Who is the main contact?
Mrs Kendra Cooke
Sponsor ref: RG-0013-16-IPCHS
The INCLUDE study: INtegrating and improving Care for patients with infLammatory rheUmatological DisordErs in the community: a pilot randomised controlled trial
This study is to assess the feasibility and acceptability of a nurse-led integrated care review in primary care for patients with inflammatory rheumatological conditions, specifically rheumatoid arthritis (RA), psoriatic arthritis (PsA), ankylosing spondylitis (AS), polymyalgia rheumatica (PMR) or giant cell arteritis (GCA).
Wales REC 5, 08/01/2018, ref: 17/WA/0427
Two-arm cluster pilot randomised controlled multi-centre trial in primary care with a nested qualitative study
Primary study design
Secondary study design
Cluster randomised trial
Patient information sheet
Not available in web format, please use contact details to request a participant information sheet
Inflammatory rheumatological disorders: rheumatoid arthritis (RA), psoriatic arthritis (PsA), ankylosing spondylitis (AS), polymyalgia rheumatica (PMR) or giant cell arteritis (GCA)
Participating GP practices are randomly allocated to one of two groups:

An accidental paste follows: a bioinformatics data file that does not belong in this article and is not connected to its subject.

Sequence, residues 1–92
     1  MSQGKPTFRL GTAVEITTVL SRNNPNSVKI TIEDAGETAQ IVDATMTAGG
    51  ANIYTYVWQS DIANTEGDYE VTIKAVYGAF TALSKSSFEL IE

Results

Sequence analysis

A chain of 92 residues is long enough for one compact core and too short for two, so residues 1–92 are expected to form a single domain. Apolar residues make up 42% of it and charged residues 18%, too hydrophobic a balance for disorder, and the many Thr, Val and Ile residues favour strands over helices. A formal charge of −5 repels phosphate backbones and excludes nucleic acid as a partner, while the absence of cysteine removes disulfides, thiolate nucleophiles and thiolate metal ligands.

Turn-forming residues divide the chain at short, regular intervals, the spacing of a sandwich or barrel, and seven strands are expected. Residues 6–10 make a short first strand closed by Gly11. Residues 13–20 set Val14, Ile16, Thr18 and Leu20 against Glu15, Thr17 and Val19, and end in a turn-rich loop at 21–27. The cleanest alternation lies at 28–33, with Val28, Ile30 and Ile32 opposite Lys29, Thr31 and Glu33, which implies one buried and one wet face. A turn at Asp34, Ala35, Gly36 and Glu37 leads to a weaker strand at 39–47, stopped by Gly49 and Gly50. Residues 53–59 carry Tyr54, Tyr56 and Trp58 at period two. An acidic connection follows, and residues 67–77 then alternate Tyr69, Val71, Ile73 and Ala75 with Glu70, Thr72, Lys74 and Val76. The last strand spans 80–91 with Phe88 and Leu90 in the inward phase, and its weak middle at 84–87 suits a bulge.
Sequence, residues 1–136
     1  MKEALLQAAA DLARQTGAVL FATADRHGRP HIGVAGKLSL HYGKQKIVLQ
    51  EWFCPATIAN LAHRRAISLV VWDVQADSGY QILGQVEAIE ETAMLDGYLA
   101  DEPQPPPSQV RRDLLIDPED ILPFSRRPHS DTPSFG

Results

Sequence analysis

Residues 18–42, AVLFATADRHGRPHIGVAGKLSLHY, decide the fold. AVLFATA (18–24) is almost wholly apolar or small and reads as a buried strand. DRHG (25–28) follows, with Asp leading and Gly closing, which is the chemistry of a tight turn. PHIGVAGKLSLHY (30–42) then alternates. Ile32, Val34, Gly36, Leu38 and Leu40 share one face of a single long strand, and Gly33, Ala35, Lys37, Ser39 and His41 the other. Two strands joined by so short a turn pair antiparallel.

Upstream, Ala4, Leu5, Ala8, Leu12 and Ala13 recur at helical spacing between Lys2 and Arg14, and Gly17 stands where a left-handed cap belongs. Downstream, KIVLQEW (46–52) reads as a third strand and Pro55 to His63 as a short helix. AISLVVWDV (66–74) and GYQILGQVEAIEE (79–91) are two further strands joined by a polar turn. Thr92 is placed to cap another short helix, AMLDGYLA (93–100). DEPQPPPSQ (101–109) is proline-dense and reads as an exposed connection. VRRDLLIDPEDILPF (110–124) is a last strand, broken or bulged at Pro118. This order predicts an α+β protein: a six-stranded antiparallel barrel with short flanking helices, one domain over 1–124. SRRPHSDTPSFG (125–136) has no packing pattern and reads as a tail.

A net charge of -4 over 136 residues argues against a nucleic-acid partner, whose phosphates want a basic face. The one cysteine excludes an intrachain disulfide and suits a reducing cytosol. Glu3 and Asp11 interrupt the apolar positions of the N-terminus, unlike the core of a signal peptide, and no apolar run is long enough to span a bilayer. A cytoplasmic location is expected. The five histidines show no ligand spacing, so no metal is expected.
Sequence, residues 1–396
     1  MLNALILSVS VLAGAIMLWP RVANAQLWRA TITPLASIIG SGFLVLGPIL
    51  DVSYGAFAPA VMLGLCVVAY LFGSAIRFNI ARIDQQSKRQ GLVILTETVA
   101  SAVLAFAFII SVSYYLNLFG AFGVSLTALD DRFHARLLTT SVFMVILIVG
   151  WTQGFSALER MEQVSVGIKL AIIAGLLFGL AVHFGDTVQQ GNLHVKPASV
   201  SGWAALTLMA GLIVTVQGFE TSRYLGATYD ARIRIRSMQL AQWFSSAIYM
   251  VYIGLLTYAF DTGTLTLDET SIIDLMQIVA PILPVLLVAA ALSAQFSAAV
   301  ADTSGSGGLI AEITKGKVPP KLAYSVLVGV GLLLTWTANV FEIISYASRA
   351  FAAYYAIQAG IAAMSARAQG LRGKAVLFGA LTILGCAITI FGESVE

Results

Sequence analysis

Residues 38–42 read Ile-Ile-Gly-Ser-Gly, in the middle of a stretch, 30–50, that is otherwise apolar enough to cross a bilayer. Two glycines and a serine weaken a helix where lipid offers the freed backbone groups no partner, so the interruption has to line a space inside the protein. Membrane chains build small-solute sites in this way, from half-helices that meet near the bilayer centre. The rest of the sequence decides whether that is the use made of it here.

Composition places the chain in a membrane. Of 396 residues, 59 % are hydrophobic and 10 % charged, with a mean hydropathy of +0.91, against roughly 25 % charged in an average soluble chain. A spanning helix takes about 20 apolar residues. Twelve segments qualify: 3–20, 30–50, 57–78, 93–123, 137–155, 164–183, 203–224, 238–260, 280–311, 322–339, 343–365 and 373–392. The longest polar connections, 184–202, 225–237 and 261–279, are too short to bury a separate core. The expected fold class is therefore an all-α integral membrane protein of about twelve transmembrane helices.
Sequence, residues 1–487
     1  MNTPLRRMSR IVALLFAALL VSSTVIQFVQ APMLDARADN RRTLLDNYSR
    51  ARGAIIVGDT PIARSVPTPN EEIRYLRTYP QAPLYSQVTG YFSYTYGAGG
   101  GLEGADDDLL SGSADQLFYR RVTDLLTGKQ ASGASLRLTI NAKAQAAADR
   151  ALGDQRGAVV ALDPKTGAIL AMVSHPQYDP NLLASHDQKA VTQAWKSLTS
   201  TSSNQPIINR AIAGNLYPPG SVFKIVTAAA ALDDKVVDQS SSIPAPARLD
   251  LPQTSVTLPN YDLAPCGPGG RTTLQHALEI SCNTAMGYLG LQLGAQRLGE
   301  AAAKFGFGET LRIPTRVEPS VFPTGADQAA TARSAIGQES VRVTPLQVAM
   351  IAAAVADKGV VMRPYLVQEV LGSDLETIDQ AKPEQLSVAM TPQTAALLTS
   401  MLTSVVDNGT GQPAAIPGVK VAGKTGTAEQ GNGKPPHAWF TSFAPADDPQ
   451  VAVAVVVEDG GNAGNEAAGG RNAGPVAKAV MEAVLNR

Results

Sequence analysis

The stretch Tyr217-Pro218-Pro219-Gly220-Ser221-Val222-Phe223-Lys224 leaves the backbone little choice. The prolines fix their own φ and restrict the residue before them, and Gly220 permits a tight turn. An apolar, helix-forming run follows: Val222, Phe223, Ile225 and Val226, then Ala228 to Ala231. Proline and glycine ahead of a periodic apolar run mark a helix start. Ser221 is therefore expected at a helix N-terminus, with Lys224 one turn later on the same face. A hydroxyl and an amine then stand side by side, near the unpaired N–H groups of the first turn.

1. Intervention practices: in addition to best current standard care, participants are offered a 30-minute nurse-led integrated care review (called the 'INCLUDE review') at their practice. The nurse will provide a holistic assessment of their health specifically assessing for symptoms and risk of cardiovascular disease, osteoporosis, depression and/or anxiety. Participants will receive tailored advice and signposting to additional services where appropriate. With consent from the participant, a small number of these appointments will be audio-recorded to assess how the intervention was delivered. Intervention participants and practitioners will also be invited to consent to an informal interview to share their perceptions and experiences of the INCLUDE review